Serge Gainsbourg once described “Je T’Aime, Moi Non Plus” (I Love You, Me Neither), his orgasmic 1969 duet with Jane Birkin, as a “chanson anti-baise”—an anti-fuck song. Such contradictions abound in Sylvie Simmons’s sympathetic if skin-deep biography of the singer, songwriter, actor, screenwriter, and novelist. Born Lucien Ginsburg in Paris to Russian Jews, forced to wear a yellow star in 1942 (a period revisited on his 1975 album Rock Around the Bunker), Gainsbourg challenged audiences with his renegade behavior, risqué lyrics, and genre surfing—1979’s reggae version of “La Marseillaise” was a succès de scandale.
Gainsbourg “created his own musical form out of his lack of a singing voice and his personal obsessions, a kind of ongoing autobiographical erotic novella,” according to an obit included in A Fistful of Gitanes. In his Nabokovian masterpiece, Histoire de Melody Nelson (1971), a Rolls-Royce driver runs into a red-haired 15-year-old English girl, deemed the “Spirit of Ecstasy”; the “déliceuse enfant” dies in a plane crash soon after her sexual initiation. And in the darker L’Homme à Tête de Chou (“The Man With the Cabbage Head,” 1976), a journalist brutally murders his unfaithful girlfriend and serenades her corpse. Simmons lets Serge explain these preoccupations: “Love is dirty; the dirtier love is, the more beautiful it is.”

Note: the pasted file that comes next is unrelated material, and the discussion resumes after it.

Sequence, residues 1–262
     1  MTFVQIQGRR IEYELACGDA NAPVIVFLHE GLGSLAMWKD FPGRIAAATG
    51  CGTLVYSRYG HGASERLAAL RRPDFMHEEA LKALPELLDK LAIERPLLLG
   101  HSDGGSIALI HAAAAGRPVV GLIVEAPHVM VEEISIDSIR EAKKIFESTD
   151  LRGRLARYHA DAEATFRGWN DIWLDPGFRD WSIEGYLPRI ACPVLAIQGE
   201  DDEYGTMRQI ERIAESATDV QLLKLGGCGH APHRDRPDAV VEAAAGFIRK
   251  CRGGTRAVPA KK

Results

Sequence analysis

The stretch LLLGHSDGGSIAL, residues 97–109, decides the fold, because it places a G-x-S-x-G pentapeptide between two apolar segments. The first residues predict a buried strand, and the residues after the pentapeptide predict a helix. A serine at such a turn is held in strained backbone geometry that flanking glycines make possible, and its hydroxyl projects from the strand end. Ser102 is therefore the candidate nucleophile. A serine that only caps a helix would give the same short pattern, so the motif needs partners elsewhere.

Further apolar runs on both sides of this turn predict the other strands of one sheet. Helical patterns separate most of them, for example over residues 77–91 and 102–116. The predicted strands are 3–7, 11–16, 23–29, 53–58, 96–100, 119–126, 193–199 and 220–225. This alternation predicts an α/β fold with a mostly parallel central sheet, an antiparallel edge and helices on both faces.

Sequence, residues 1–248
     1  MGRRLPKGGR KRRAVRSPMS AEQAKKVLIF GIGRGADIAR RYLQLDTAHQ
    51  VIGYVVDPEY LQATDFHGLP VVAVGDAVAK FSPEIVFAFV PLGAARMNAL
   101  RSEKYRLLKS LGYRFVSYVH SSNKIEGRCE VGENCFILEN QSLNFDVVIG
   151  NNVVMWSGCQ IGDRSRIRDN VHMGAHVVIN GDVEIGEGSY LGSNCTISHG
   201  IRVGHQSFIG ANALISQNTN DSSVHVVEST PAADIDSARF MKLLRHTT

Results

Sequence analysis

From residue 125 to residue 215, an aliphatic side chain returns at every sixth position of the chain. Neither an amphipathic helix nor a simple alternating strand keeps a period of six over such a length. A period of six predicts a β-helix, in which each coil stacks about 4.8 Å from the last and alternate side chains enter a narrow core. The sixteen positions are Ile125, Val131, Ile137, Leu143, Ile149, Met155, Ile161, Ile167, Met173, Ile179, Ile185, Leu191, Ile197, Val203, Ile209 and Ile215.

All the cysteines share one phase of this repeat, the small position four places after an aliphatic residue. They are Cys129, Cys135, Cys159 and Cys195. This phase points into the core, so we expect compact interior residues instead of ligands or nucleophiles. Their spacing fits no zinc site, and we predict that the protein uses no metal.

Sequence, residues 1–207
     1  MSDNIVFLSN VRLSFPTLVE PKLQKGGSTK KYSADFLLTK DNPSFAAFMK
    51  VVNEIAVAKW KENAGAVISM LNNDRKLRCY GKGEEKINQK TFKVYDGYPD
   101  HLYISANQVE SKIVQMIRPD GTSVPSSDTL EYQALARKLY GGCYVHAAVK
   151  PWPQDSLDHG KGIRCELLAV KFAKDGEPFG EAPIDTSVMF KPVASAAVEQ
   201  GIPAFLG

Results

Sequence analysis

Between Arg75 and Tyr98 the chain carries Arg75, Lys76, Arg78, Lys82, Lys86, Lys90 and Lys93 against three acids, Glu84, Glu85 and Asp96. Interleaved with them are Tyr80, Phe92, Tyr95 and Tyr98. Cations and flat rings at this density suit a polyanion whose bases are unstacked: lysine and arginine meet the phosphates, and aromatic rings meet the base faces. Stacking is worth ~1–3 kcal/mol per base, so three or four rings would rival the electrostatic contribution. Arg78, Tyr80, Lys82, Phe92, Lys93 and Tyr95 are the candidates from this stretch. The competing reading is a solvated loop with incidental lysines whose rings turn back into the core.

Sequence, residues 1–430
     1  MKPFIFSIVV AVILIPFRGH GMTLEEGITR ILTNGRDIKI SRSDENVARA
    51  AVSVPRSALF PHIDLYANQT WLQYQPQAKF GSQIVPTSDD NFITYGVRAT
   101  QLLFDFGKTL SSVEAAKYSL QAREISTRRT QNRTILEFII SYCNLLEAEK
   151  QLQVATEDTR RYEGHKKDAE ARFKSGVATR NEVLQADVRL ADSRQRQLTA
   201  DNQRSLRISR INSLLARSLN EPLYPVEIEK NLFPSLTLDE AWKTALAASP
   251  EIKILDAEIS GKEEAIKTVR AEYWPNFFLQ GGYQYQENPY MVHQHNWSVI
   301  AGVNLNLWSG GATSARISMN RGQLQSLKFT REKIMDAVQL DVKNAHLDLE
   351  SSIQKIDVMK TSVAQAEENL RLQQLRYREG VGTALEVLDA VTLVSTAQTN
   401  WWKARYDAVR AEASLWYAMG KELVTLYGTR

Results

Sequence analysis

The provocateur described by lover Birkin as pudique—reserved, shy, discreet, chaste—developed his dissipated alter ego, Gainsbarre, after she left him, ushering in his heartbreaking decline, marked by alcoholism and a debilitating cigarette addiction. (Right before he died, doctors were threatening to amputate his artereosclerotic legs.) Reminiscent of de Sade, he described his career as “a search for the truth via an injection of perversity”; upon his death at age 62 in 1991, President Mitterand dubbed him “our Baudelaire.” Simmons delineates the wide reach of Gainsbourgisme, from Air to Pulp to Beck, but fails to mention Japanese chanteuse Kahimi Karie, whose 1994 Girly EP is an homage to Melody Nelson. While his music has enjoyed a revival, he remains identified with his self-cultivated lecherous persona; this biography, though breezy, offers a welcome corrective, showing the artist’s lesser-known facets. Most necessary now in the field of Serge studies is a complete English-language translation of his lyrics, a definitive guide to such playful profundities as “L’amour physique est sans issue.”